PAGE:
Abundance & Distribution Discovery

Time series data show that the dinner rush on the Mid-Atlantic Ridge ecosystem can involve a daily upward migration of up to 500m for a diverse compliment of fauna including zooplankton, cephalopods, and fish.

In 2004, researchers from the Mid Atlantic Ridge Ecosystem (MAR-ECO) project of the Census of Marine Life deployed a self-contained echo sounder in 1000 m of water in the middle of the Northern Atlantic Ocean. This "lander" was left on the sea bottom for one year, during which it continuously recorded echo soundings from within the water column. In 2005 when the lander was recovered, its data revealed one of the most spectacular daily vertical migrations ever to be recorded in the ocean.

The data show that every night at dusk, a multitude of organisms migrate hundreds of meters vertically in the water column up to the surface waters from their daytime depths to feed, returning to the deeper waters at daybreak. Changes in light trigger this mass migration of a vast range of organisms, including zooplankton and fish. Even the smallest organisms (mm-sized) can travel this vertical journey of up to 500 m. Researchers suggest that this is a defensive behavior that serves to help these organisms avoid predators while still affording them the opportunity to take advantage of the rich food sources in the surface waters. The majority of these animals tend to stay in deeper waters, only traveling to the surface waters to feed on phytoplankton during the night when they can avoid detection.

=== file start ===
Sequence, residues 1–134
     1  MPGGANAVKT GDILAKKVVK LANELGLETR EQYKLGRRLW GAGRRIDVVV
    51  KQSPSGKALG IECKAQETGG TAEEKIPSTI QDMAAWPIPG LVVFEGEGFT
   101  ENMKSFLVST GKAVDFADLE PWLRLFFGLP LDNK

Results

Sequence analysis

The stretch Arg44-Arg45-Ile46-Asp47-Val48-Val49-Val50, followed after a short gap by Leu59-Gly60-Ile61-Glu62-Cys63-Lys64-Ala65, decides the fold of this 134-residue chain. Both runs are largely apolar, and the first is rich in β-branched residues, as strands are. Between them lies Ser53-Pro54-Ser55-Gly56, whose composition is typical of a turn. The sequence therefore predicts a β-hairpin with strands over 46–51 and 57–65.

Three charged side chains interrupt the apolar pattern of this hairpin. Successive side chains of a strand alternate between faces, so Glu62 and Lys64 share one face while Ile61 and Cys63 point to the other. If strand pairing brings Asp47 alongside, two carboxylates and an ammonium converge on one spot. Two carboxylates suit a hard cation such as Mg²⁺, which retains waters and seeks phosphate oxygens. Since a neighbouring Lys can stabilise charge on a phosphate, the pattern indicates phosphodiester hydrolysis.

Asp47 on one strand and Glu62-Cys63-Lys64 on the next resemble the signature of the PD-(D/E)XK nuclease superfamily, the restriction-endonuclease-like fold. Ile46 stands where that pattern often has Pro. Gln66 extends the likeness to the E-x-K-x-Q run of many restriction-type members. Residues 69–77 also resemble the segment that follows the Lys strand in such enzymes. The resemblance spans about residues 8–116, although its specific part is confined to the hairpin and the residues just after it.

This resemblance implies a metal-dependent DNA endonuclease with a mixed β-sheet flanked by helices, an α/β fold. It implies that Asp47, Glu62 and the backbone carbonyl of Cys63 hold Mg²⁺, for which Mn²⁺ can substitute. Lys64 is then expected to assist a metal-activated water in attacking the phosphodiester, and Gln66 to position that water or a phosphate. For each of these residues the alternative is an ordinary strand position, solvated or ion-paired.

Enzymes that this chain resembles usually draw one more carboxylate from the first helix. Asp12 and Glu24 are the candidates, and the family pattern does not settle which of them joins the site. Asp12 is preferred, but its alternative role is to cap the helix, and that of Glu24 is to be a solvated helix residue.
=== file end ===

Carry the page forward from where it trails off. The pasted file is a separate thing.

This link to available light is so strong that it follows seasonal changes, happening earlier during the winter and later during the summer, and can even be affected by such conditions as cloud cover and the phase of the moon. Because the echo sounding equipment, in this case, was placed on the seabed, as opposed the being suspended at the surface as in previous studies, the quality of the observations were higher than any prior work. This innovation in methodology produced data of such sufficient resolution that researchers were able to pinpoint the link between changes in light and the triggering of the migration. Such information could provide further insight into the ecology of open ocean communities, specifically how organic material and energy flows between the surface waters and the deep ocean.

What: Zooplankton, fish, and other organisms can travel hundreds of meters vertically every morning and evening in order to access surface food sources while avoiding predation.
Who: MAR-ECO Scientists --> Odd Aksel Bergstad, Olav Rune Godo, and Ruben Patel
When: 2005
Where: Mid-Atlantic Ridge, North East Atlantic Ocean
How: Using a upward looking echo sounder built into a "lander" positioned on the seabed at 1000m water depth
Reference: These findings have not yet been published.

top of page

Website maintained by
Office Of Marine Programs
University of Rhode Island

E-mail comments about the web site to